Man's guns confiscated during son's arrest Owner puzzled

police label weapons evidence

January 17, 1998|By Dail Willis | Dail Willis,SUN STAFF

Robert Blonder's long-gun collection was the work of nearly three decades -- old weapons bought at gun shows or flea markets or from friends, then lovingly repaired and restored. He hung the guns, many of them from two world wars, on the basement walls of his Owings Mills home, proudly displaying a collection valued at $25,000.

Now it's gone, confiscated Dec. 31 by Baltimore County police officers who noticed it when they came to arrest his son on charges of resisting arrest and hindering a police officer.

Police say the weapons are evidence in a case against Brian David Blonder, whose three felony convictions bar him from owning guns. The only way Robert Blonder can get his collection back, the police say, is to go to court.

Robert Blonder is puzzled by the seizure and worried about his collection. "I've never had a problem with the police," said the 48-year-old auto mechanic, who owns a car-repair business in Mount Washington.

For several years, he said, he was a gunsmith with the required federal license issued after the FBI checked his background. Now, he says, he does not repair guns for money, so he let the federal license lapse.

Instead, he collects guns and works on them as a hobby. Only two of the confiscated guns have been fired in the past 10 years, he said.

Robert Blonder doesn't understand why the guns were confiscated. He said his son, 29, has not lived at the family home for 11 years and does not live there now.

Police said the confiscation was justified.

"The son is the focus now, and the guns are evidence in the case against the son," said police spokesman Bill Toohey. "If he wants them back, he will need to get a court order."

Three convictions

The events surrounding the seizure do not appear to be in dispute.

Brian Blonder's criminal history stretches back a decade, court records show. He has been convicted of spousal abuse once and burglary twice. Guns were not involved in any of the crimes, nor has he been arrested on a weapons charge.

In December, Brian Blonder was named in an outstanding warrant on a charge of indecent exposure that was brought after police said he urinated on a patrol car.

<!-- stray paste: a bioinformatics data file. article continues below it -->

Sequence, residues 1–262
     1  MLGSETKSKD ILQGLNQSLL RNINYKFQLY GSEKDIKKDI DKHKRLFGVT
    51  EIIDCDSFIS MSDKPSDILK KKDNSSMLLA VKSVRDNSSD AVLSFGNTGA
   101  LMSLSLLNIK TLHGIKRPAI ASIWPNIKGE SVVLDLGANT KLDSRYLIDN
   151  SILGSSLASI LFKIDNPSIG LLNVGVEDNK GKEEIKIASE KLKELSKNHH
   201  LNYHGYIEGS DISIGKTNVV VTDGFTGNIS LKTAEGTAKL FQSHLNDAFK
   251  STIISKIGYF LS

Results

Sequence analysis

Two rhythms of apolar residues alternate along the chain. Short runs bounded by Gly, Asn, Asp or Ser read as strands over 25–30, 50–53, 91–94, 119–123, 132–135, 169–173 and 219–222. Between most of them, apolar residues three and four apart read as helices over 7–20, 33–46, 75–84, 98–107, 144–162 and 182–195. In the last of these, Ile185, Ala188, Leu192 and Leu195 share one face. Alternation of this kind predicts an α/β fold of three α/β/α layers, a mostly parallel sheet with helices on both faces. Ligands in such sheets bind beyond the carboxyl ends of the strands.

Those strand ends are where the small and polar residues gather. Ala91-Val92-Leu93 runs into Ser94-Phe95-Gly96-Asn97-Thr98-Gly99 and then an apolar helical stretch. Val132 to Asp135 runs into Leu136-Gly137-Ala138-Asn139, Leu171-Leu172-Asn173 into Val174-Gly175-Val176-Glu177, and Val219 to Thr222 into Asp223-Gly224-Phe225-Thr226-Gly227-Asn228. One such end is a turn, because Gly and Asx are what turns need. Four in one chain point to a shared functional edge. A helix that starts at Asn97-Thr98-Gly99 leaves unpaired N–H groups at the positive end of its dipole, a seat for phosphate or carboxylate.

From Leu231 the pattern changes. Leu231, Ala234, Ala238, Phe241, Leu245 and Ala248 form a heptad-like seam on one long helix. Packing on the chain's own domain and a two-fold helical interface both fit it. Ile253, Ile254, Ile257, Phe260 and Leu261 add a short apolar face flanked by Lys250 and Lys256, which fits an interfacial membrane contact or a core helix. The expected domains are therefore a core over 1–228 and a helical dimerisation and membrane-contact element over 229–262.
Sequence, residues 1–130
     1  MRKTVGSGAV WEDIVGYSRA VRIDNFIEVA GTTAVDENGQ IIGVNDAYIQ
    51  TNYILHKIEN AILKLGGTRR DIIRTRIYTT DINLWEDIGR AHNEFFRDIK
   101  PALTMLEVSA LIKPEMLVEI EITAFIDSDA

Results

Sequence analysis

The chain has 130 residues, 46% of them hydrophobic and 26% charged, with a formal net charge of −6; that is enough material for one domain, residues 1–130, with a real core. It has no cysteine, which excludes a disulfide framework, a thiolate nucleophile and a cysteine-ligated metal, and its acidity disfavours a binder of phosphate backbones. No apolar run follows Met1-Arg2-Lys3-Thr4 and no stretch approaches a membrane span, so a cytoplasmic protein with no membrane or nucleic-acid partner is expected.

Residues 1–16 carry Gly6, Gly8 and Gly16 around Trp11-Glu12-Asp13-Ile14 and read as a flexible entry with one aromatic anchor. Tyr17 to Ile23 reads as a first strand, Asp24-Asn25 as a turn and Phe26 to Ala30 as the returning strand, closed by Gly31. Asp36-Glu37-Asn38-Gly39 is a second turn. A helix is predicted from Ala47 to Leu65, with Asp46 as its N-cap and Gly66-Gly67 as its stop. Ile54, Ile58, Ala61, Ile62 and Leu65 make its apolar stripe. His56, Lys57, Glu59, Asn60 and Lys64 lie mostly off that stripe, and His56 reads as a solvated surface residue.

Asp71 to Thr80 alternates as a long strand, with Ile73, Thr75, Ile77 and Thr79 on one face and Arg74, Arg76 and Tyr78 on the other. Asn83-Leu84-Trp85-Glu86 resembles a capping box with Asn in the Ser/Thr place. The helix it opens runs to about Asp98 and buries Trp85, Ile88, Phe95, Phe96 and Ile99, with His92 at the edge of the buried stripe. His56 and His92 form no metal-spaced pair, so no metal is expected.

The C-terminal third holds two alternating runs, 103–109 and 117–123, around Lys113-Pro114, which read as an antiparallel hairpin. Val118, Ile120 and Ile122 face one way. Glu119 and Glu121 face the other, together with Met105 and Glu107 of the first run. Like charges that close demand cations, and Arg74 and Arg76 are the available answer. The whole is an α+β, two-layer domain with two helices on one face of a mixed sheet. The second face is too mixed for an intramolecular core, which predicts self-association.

On Dec. 23, two officers observed him in a McDonald's parking lot "acting nervous," according to a report filed by the officers. They stopped him, asked for identification and told him to stand with his hands on the hood of a car while they checked his record. The check turned up the outstanding warrant, information Brian Blonder overheard from the radio worn by one of the officers, Toohey said.

Brian Blonder broke away from the police and ran, eluding the pursuing officers, according to their report. A warrant was issued later that day charging him with resisting arrest and hindering a police officer.

Early on the morning of Dec. 24, Brian Blonder was arrested in the Garrison Precinct on the indecent-exposure charge, Toohey said. He was released on his own recognizance. The new charges, resisting arrest and hindering a police officer, had not reached the commissioner on duty, Toohey said.

Son uses father's address

On Dec. 30, Brian Blonder spent the night with his parents, something he does infrequently, his father said. He slept on a mattress in the basement, where the guns were kept.

"It just happened Tuesday night he slept at my house," his father said. Brian Blonder has not lived at his parents' home for 11 years, his father said, while acknowledging that when he was arrested, Brian Blonder had given his father's Owings Mills address as his own.

When police arrived shortly after 10 a.m. Dec. 31, Brian Blonder was there. Police arrested him and took him into custody.

That evening, police returned to the Blonder residence, showed a warrant and carried the 74 long guns in Robert Blonder's collection out of the house and into a pickup truck, he said.

Police said they did not need to confiscate his handguns, which are kept under lock and key, Blonder said.

They did take a muffler Robert Blonder had been making for his lawn mower.

"I was making it because I have an old mower and I can't get parts for it," he said. "The detective said, 'It looks like a silencer,' and he took it," despite Robert Blonder's explanation of the metal tube's intended use.

Attorney retained

Police verified that they returned to the house and took guns and a metal tube.

"There are federal and state laws prohibiting felons and guns from connecting," said Toohey, the police spokesman. "Our cops say [Brian Blonder] was living there."

Brian Blonder was released from custody Jan. 2, jail officials said. He is not living at his parents' house, his father said.

Robert Blonder has retained attorney Harry L. Chase to help him get the guns back. Leo W. Ottey Jr., an associate of Chase's who is working on the case, said the matter might not have to go to court.

"We are hoping that the matter can be resolved amicably," Ottey said. "We think that the police did not have all the relevant facts at the time of the seizure."

Robert Blonder wonders why his gun collection was confiscated at all. "It doesn't seem like there was a real reason," he said.

Pub Date: 1/17/98

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